2. Determine which systems are recipients of tokens vs. which have the ability to convert tokens into credit card numbers. Systems that only use tokens are considered out of scope for the PCI DSS audit.
  3. Determine whether systems that only use tokens are on a segmented network separate from those systems that have the ability to convert tokens to credit card numbers.
  4. Review the requirements of each employee’s job description to determine who should have access to unencrypted credit card numbers; access should be restricted accordingly.
  5. Verify that employees who need access to encryption key functions to perform their jobs are the only ones who have access to them.
HOW TOKENIZATION WORKS

With traditional encryption, when a database or application needs to store sensitive data, those values are encrypted and the resulting cipher text is returned to the original location. With tokenization, a token, or surrogate value, is returned and stored in place of the original data. The token is a reference to the actual cipher text, which is stored in a central data vault. Tokens can be safely used by any file, application, database, or backup medium throughout the organization, minimizing the risk of exposing the actual sensitive data, and allowing business and analytical applications to work without modification.

Any organization that must meet the requirements of PCI DSS can benefit from tokenization. Consider requirement 3.1, which mandates that businesses keep payment data in a minimum number of locations. That is precisely what tokenization accomplishes — businesses reduce the number of locations where they retain cardholder information. Requirements 3.5.1 and 3.5.2 mandate that access to encryption keys be restricted to the fewest number of custodians and that keys be stored securely in the fewest possible locations. With tokenization, encryption is performed centrally when credit card values are tokenized, and keys are centralized on a secure server.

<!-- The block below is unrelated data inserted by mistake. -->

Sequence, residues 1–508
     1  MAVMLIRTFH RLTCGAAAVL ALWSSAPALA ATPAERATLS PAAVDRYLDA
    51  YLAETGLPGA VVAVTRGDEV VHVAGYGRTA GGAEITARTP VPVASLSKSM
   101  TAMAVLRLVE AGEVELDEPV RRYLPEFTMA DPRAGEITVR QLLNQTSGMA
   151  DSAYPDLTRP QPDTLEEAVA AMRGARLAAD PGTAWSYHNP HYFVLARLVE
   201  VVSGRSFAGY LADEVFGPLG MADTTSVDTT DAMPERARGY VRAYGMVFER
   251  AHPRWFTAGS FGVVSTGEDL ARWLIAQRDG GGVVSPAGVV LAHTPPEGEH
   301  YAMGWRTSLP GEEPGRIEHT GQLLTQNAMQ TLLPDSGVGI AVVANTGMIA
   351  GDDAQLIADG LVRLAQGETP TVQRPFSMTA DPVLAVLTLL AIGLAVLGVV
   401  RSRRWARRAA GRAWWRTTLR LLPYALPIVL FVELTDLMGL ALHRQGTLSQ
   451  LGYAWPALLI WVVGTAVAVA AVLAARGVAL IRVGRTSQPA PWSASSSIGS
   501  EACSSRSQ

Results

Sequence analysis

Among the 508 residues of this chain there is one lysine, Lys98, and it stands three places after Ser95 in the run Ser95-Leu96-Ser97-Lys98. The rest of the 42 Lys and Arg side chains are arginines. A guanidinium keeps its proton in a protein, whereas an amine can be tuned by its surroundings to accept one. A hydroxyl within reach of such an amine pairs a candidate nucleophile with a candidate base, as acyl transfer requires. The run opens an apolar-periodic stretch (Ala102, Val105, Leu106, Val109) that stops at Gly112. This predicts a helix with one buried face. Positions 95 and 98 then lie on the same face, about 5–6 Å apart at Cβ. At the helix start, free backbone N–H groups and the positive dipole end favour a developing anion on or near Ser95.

SIX ELEMENTS

Several elements of tokenization can contribute to reducing the scope of PCI DSS audits. In addition to centralized data vault and encryption key management, tokenization uses tokens as surrogates for data and masked data and to maintain referential integrity. Moreover, these tokens do not have a mathematical relationship to corresponding data values, enhancing protection.

1. Central Data Vault
Tokenization reduces risk because encrypted payment card data is stored only in a central data vault and is only available outside the vault when it is originally captured at the beginning of a transaction or accessed later by authorized and authenticated applications or users. This approach could have averted the security breach suffered last year by Westin Bonaventure Hotel & Suites in Los Angeles. In March, the hotel disclosed that its four restaurants and valet parking operation may have been hacked between April and December 2009, compromising customer names, credit card numbers, and expiration dates. If these items had been tokenized at the point-of-sale terminals, the stolen information would have been useless to the hackers while the encrypted data would have been stored safely in a central data vault.